Heidelcast 227: Is Distinguishing Between The Two Spheres Of God’s Kingdom “Radical”?

Recently someone posted some criticisms of what they characterize as “radical two kingdom” theology or R2K. What are we talking about? In the 16th and 17th centuries our classic Reformed theologians regularly distinguished between “two kingdoms.” This way of talking was not controversial in the classical period of Reformed theology.  It was not controversial in the 18th century or the 19th century. In the 20th century, like a lot of other aspects of Reformed theology, we lost this distinction. Why? In some cases we just assumed it. We were really busy defending the faith against the liberals who were denying the truth and reliability the Scriptures, the resurrection, etc. That is about all we did from the turn of the century until WWII. We forgot the distinction and we only began to recover it recently. Like other classic Reformed doctrines (e.g., the covenant of redemption, the covenant of works, the distinction between law and gospel) the recovery of this distinction has become controversial because we need to recover our Reformed confession. Dr Clark also answers an important and timely question from Jeremy about how to think about providence and the temptation to become fearful in face of terrible tragedies such as the one in Uvalde, Texas yesterday.

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Show Notes

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  1. There’s nothing radical about distinguishing two kingdoms. That’s not the actual dispute. The actual dispute is over the contention that the first table of the moral law has no regulatory authority in the “left hand” kingdom sphere, not even in the sense that our American Presbyterian forebears held it to have that authority (i.e., a non-establishmentarian sense.

    • David,

      I’ve been answering neo-Kuyperian objections to any distinction between the spheres since 2008. E.g., I posted this in response to these very objections. Go look at the HB archive from the period.

      I’m glad to see that you’re conceding a conceptual distinction between the two spheres.

      What exactly do you have in mind when you talk about the “regulatory authority” of the 1st table. Please be specific.

  2. Dr Clark,

    I have affirmed a distinction between two kingdoms since back in 2002 or so when I first learned it from Calvin and was then reinforced in it by Horton, Kline, you, and Van Drunen. I continued to affirm it after I perceived that you all (minus Calvin) appeared to be expressing a novel view wherein natural law is deprived of the first table and Scripture barred from the public square. You typically counter the accusation of novelty by pointing out that Reformed and Presbyterian denominations have revised their confessions of faith with respect to the duties of the civil magistrate. Yes, that is of course indisputable, but it has no bearing on the issue under dispute, which is the continuing obligation of the (entire) moral law in ALL spheres. I’m no Kuyperian but I’ll go out on a limb and suggest that your denial of this latter point is what those folks object to, not the distinguishing of spheres (which of course is one of their hallmarks).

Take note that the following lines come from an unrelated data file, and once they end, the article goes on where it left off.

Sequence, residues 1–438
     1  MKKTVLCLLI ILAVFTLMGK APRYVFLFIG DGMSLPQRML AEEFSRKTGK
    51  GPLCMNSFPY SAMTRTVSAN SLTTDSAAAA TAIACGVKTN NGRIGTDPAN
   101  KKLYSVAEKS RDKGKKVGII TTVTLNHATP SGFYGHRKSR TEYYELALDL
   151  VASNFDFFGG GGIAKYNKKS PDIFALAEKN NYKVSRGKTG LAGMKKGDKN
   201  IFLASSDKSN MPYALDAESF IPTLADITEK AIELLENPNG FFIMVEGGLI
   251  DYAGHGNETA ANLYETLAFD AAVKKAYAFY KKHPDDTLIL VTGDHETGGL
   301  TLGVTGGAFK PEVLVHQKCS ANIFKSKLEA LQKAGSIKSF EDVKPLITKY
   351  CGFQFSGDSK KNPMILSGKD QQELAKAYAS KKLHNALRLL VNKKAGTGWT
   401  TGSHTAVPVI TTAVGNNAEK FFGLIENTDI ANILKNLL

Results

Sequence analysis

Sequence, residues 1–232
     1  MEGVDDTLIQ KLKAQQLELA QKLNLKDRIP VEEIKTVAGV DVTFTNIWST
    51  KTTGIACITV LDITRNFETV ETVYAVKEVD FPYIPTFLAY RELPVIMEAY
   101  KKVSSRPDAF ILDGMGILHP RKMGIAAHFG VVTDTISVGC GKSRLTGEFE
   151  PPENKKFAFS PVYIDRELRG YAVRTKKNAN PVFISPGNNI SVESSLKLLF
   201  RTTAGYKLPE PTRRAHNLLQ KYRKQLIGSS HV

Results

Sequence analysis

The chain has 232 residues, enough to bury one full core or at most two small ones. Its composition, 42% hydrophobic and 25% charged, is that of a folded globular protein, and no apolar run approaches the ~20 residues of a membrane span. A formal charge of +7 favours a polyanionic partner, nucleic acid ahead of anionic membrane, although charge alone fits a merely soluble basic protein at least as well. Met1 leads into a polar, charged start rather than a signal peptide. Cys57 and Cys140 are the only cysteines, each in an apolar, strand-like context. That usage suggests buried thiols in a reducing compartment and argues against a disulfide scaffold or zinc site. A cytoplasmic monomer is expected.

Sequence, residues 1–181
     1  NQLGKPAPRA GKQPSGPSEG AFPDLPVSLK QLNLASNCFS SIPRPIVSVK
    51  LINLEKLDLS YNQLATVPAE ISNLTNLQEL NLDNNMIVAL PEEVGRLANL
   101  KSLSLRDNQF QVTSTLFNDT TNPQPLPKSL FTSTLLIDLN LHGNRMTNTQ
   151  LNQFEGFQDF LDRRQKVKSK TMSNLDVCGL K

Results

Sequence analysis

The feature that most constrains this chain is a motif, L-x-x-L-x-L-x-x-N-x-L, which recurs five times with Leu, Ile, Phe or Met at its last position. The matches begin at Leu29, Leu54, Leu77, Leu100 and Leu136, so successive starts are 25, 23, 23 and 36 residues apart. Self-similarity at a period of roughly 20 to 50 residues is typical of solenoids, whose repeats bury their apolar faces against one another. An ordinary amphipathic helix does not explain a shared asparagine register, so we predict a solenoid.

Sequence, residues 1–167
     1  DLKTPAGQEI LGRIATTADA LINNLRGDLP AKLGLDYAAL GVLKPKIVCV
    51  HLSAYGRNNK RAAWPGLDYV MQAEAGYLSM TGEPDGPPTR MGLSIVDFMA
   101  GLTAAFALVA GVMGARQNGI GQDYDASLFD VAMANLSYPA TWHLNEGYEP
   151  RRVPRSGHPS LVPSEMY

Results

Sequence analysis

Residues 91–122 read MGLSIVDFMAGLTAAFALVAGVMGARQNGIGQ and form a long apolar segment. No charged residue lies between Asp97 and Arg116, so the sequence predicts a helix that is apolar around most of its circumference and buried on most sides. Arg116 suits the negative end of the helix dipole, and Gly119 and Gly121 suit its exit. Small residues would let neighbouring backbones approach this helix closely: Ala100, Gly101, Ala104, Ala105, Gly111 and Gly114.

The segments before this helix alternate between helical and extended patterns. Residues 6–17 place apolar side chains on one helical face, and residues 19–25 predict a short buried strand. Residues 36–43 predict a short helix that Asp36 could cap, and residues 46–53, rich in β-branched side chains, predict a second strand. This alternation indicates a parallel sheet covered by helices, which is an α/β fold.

Regarding specifics, take Charles Hodge, for example, as a classic non-establishmentarian affirmation of the continuing regulatory authority of the moral law in the civil sphere:

    “It is absurd to say that civil governments have nothing to do with religion. That is not true even of a fire company, or of a manufactory, or of a banking-house. The religion embraced by the individuals composing these associations must influence their corporate action, as well as their individual conduct. If a man may not blaspheme, a publishing firm may not print and disseminate a blasphemous book. A civil government cannot ignore religion any more than physiology. It was not constituted to teach either the one or the other, but it must, by a like necessity, conform its action to the laws of both. Indeed it would be far safer for a government to pass an act violating the laws of health, than one violating the religious convictions of its citizens. The one would be unwise, the other would be tyrannical. Men put up with folly, with more patience than they do with injustice. It is vain for the potsherds of the earth to contend with their Maker. They must submit to the laws of their nature not only as sentient, but also as moral and religious beings. And it is time that blatant atheists, whether communists, scientists, or philosophers, should know that they are as much and as justly the objects of pity and contempt, as of indignation to all right-minded men. By right-minded men, is meant men who think, feel, and act according to the laws of their nature. Those laws are ordained, administered, and enforced by God, and there is no escape from their obligation, or from the penalties attached to their violation.” (Systematic Theology, volume 3, p. 342)